Benjamin and Patton's Atlanta roots were central to the music they started making right after high school. OutKast's huge recording success culminated in 2003 with the double album "Speakerboxxx/The Love Below," essentially two solo albums, with "The Love Below" being Benjamin's funkier, jazzier contribution. It sold more than 5 million copies, spawned the hit single "Hey Ya!" and won a Grammy for Album of the Year.
A Cartoon Network executive loved "The Love Below" so much he wanted to create an animated series from it. Benjamin balked at transforming the album into a cartoon, but helped develop another idea based on his life and wrote its original music.
His own favorite TV cartoons as a kid: "Fat Albert" and the "Peanuts" specials.
"I wanted the funky look of 'Fat Albert,' but musically I was loving what Vince Guaraldi did with 'Peanuts,' " he said. "I wanted kids to be able to listen to real music. I wanted to put the influence of jazz, blues and funk into it so hopefully they would grow up and remember these songs."
Message and memories
The series, which spawned a CD, debuted on Nov. 3, 2006. The idea for a play came not long afterward. Alliance artistic director Susan Booth was invited with her daughter by another Cartoon Network executive to a premiere party at the Fox Theater.
"Aside from being knocked out by the musicality and innovation of it, I just loved its core message that the arts are a means to self-expression that everyone can access — and with which everyone will thrive," Booth said. "Big fat bonus points — Andre Benjamin as a world-class musician who makes Atlanta his home. The whole thing seemed too perfect not to work."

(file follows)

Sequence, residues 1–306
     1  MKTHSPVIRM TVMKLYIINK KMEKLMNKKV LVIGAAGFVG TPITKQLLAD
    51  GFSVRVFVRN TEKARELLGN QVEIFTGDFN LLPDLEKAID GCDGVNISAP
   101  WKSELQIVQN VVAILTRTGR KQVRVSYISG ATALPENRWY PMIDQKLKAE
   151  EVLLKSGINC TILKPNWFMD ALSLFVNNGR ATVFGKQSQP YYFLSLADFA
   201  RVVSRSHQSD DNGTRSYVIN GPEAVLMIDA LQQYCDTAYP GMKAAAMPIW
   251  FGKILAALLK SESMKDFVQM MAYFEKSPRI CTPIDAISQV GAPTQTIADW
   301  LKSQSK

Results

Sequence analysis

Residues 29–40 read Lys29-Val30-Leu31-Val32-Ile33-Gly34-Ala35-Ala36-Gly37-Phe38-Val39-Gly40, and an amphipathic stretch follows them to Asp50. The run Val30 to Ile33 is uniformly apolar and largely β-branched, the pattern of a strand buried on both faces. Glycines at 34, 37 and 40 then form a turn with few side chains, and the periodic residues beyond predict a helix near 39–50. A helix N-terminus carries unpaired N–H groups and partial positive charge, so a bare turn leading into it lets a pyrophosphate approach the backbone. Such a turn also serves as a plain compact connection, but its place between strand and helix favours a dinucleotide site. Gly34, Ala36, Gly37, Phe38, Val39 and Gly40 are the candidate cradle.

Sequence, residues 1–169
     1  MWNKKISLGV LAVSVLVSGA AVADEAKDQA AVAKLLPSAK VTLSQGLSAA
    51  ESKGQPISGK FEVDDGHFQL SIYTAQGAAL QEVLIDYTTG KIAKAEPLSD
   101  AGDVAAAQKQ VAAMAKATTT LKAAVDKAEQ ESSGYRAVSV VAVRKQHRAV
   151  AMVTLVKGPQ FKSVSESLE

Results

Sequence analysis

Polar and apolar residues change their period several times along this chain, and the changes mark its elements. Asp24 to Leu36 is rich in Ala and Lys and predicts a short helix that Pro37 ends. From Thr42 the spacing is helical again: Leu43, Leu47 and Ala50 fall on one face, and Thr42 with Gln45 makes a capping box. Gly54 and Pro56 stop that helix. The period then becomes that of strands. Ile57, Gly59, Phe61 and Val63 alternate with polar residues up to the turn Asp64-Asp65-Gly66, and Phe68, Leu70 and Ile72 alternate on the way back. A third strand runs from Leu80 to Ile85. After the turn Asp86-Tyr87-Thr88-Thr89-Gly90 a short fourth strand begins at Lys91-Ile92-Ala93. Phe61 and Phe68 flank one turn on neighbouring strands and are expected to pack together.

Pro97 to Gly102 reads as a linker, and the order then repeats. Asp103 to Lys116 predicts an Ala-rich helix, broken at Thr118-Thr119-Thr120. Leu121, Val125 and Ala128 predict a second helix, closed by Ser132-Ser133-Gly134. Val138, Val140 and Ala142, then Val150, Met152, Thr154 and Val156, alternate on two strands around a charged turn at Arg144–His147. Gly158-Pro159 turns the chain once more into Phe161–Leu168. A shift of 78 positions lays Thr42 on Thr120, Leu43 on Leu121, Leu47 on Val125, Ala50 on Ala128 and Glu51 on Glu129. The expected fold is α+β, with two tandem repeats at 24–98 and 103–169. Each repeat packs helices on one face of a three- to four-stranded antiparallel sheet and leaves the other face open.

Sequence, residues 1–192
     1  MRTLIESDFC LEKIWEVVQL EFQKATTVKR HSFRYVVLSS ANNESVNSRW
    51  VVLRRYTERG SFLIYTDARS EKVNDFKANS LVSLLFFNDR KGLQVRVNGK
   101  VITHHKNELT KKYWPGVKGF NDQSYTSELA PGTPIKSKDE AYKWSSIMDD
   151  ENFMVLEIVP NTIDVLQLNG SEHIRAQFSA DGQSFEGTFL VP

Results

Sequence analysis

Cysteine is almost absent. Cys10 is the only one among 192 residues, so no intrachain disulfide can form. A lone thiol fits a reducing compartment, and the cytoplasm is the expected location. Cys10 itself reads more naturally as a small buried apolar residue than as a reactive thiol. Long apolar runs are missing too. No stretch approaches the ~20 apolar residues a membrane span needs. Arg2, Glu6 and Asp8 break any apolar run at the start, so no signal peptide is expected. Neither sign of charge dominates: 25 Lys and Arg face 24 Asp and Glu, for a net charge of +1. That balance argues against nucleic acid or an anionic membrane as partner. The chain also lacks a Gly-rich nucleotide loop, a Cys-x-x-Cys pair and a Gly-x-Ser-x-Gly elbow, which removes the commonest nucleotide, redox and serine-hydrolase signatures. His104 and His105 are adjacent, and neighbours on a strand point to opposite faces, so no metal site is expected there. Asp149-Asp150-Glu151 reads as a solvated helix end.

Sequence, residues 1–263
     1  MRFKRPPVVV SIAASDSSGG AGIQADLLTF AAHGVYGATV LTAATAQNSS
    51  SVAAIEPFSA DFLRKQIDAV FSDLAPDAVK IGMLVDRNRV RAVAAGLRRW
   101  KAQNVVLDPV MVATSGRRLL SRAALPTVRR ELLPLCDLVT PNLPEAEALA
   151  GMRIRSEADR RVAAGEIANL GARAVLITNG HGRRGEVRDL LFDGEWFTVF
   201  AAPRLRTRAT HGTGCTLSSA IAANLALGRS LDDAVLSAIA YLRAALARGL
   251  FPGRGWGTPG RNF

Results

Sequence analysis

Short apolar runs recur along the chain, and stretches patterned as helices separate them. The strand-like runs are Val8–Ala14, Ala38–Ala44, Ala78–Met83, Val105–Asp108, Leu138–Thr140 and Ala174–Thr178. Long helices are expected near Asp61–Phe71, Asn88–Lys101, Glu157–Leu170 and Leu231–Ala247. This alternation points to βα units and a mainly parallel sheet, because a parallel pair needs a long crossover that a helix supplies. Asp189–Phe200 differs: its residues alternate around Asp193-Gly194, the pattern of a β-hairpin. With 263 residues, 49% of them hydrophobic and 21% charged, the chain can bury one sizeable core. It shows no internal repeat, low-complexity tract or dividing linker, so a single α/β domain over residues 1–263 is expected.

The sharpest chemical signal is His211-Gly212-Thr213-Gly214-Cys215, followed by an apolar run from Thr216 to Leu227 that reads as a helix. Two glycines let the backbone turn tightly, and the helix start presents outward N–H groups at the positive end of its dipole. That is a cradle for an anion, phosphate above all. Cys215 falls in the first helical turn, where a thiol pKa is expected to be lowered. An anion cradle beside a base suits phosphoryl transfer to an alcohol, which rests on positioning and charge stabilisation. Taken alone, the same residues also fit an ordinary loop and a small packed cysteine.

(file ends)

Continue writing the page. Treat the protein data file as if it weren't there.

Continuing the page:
The cartoon series lasted only a season, but the Alliance moved ahead. Newcott said adapting a cartoon for the stage was relatively easy, with certain compromises. "You can't have people flying through the air in a bubble," she said. But it was Benjamin's style that translated best to kids' theater.
"There's a relaxed energy and an openness to him," she said. "You need to have that open quality when you perform for children. Complicated and hidden agendas don't work."
She asked Benjamin, who has acted in several movies and TV shows, if he wanted to play Sunny (he voiced the character in the cartoon). But he couldn't fit it into his schedule.
Benjamin did attend a workshop and approved the cast. Sunny is played by Sinatra Onyewuchi, 22, a Wright State college student who graduated from Pebblebrook High School, a rival of Tri-Cities, where Benjamin went. He told Benjamin they'd actually met once in the mid-1990s. The car Benjamin and Patton were driving one night broke down near Six Flags, near where Onyewuchi lived. His mother and brother picked the pair up and brought them back to their trailer park to wait for a ride.
Benjamin couldn't remember the night, but said he didn't remember much from those early, high-flying days. He smiled.
"I was still smoking," he allowed.
He's a different guy now, he said. He's eager to see how kids react inside the theater. He'll be there opening night.
"I'm excited, as an adult," he said. "I hope it's something they remember."
"Class of 3000 Live." Two shows each Saturday and Sunday through March 29 (first show begins at 1 p.m.; second time varies from 3 to 4 p.m.; check Web site). $20-$35. Alliance Theatre, 1280 Peachtree St. 404-733-5000; www.alliancetheatre.org